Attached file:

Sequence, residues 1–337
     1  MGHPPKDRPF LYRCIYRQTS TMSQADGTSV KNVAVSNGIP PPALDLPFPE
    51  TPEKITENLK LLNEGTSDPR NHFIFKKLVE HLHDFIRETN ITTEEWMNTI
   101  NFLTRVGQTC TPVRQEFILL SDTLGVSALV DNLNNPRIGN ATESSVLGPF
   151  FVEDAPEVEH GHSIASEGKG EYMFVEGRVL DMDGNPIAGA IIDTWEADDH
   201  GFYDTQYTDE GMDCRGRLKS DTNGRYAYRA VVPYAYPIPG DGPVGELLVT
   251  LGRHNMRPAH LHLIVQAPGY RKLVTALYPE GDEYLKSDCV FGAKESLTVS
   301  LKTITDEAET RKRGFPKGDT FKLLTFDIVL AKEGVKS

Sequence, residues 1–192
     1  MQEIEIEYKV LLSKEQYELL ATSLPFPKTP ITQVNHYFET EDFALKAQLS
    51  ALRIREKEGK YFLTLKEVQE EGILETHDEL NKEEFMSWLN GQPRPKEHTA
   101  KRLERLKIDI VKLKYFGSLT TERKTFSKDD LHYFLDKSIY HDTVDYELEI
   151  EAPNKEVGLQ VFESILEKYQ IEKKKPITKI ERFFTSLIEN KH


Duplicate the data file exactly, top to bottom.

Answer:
Sequence, residues 1–337
     1  MGHPPKDRPF LYRCIYRQTS TMSQADGTSV KNVAVSNGIP PPALDLPFPE
    51  TPEKITENLK LLNEGTSDPR NHFIFKKLVE HLHDFIRETN ITTEEWMNTI
   101  NFLTRVGQTC TPVRQEFILL SDTLGVSALV DNLNNPRIGN ATESSVLGPF
   151  FVEDAPEVEH GHSIASEGKG EYMFVEGRVL DMDGNPIAGA IIDTWEADDH
   201  GFYDTQYTDE GMDCRGRLKS DTNGRYAYRA VVPYAYPIPG DGPVGELLVT
   251  LGRHNMRPAH LHLIVQAPGY RKLVTALYPE GDEYLKSDCV FGAKESLTVS
   301  LKTITDEAET RKRGFPKGDT FKLLTFDIVL AKEGVKS

Sequence, residues 1–192
     1  MQEIEIEYKV LLSKEQYELL ATSLPFPKTP ITQVNHYFET EDFALKAQLS
    51  ALRIREKEGK YFLTLKEVQE EGILETHDEL NKEEFMSWLN GQPRPKEHTA
   101  KRLERLKIDI VKLKYFGSLT TERKTFSKDD LHYFLDKSIY HDTVDYELEI
   151  EAPNKEVGLQ VFESILEKYQ IEKKKPITKI ERFFTSLIEN KH